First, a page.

We also know that both stuttering and speech sound disorders can lead to kids being perceived negatively by their peers at school – and even their teachers (e.g. Langevin et al, 2010; McCormack et al. 2009).
So, if your child stutters and has a speech sound disorder, which should you treat first? Or should you treat them together?
We don’t know. The research evidence to date is lousy; almost non-existent!
From a real world, clinical point of view, many factors may influence your decision, including the severity of each condition, your child’s age, and the effect each issue is having on your child’s intelligibility, participation and quality of life.
A major factor, sometimes overlooked, is the nature of the treatments involved. For example:
- we advocate the Lidcombe Program for many preschoolers who stutter. The Lidcombe program is a direct parent-delivered treatment which focuses on rewarding the child for fluent speech (see here for more detail).
- for speech sound disorders, we recommend a variety of different evidence-based treatments, from traditional articulation programs through to more complicated phonological treatments like Cycles, Minimal Pairs and Maximal Oppositions (we’ll explain more about these treatments in later articles). Most of these approaches also work directly on speech by rewarding correct production, often by repeating the sounds several times in isolation, syllables, words and phrases.
Our concern with treating a pre-schooler’s stuttering and speech sounds together is that you may inadvertently confuse your child (or even yourself!) about which behaviours are being rewarded, and why. For example:
- in the Lidcombe Program, parents praise or otherwise encourage smooth or fluent, non-repetitive speech; and
- in traditional articulation therapy, children are rewarded for saying the target sounds, syllables or words consistently and correctly.
So, if, one morning, you are praising Johnny for his fluent speech (with no repetitions) and then later on the same or the next day you are praising him for repeating a particular sound over and over, Johnny may – understandably – get confused. This may result in the treatments interfering with each other – or even (if some anecdotal evidence is to be believed) making things worse.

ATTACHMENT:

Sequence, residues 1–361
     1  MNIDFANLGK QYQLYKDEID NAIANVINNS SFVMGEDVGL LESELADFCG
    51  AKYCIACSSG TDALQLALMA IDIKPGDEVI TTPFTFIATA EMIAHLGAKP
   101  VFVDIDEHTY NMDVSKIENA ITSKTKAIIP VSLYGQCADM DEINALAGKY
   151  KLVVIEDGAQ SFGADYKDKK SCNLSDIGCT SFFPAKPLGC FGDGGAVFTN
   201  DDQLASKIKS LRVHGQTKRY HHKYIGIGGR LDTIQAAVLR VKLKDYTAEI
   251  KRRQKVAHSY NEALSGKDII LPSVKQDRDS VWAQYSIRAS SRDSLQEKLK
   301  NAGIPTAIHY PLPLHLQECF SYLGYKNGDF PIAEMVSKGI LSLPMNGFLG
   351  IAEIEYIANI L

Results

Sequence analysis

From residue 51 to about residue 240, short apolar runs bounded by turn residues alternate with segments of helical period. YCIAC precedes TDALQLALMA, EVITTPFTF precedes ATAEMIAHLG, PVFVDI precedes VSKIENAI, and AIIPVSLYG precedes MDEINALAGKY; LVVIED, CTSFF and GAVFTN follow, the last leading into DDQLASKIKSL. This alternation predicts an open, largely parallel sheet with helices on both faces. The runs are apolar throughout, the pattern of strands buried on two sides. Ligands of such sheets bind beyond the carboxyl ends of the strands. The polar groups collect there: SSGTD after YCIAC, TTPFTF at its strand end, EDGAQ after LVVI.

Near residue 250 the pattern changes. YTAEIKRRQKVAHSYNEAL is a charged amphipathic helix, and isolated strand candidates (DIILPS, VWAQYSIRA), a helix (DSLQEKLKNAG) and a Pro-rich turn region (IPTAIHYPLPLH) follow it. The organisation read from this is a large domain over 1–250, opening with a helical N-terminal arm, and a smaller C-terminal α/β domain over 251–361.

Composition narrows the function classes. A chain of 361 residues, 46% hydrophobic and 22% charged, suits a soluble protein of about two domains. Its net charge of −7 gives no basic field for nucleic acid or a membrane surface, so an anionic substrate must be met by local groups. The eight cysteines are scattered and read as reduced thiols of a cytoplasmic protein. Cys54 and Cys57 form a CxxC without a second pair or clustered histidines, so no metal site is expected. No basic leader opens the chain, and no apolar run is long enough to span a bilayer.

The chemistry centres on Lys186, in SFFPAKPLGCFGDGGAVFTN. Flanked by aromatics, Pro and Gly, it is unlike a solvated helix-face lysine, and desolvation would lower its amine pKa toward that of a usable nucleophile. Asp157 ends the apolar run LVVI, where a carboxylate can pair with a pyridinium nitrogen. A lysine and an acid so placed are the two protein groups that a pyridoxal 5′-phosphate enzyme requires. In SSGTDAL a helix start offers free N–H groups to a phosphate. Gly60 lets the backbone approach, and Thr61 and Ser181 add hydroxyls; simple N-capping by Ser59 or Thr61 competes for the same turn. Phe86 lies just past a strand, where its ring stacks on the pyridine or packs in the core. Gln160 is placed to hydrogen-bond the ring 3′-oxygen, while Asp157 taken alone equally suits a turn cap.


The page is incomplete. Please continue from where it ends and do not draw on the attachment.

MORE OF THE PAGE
This is why, everything else being equal, we usually recommend “serial service delivery”: working on one goal (stuttering or speech sounds) first, before moving onto the other goal.
Depending on the age of the client and family preferences, we would normally suggest starting with stuttering treatment – especially if the child is about to start school. Our approach is consistent with the practice of a majority of Australian speech pathologists interviewed in a recent study (see citation below). But, in truth, we really don’t know enough about this group of children at this stage and need better research evidence to help guide clinical recommendations to parents.
Key source: Unicomb, R. et al. (2013). Clinicians’ management of your children with co-occurring stuttering and speech sound disorder. International Journal of Speech-Language Pathology, 15(4): 441-452.
- The Lidcombe Program for children who stutter
- The Lidcombe Program for stuttering: my 10 favourite therapy activities
- Why does the Lidcombe Program for childhood stuttering work: a case of “words will never hurt me”?
- Now you can get treatment for your child’s stuttering without all those clinic visits
- The more the merrier? New study on Lidcombe Program group therapy for children who stutter
- The Westmead Program for children who stutter
- 5 ways for teachers to help children who stutter – tips from people who stutter themselves
- My child stutters. Is it because he’s shy? sensitive? hyper?
- Stuttering treatments: what works for whom? An evidence update
Banter Speech & Language is owned and managed by David Kinnane, a Hanen- and LSVT LOUD-certified speech-language pathologist with post-graduate training in the Spalding Method for literacy, the Lidcombe and Camperdown Programs for stuttering, and Voicecraft for voice disorders. David is also a Certified PESL Instructor for accent modification.
David holds a Master of Speech Language Pathology from the University of Sydney, where he was a Dean’s Scholar. David is a Practising Member of Speech Pathology Australia and a Certified Practising Speech Pathologist (CPSP).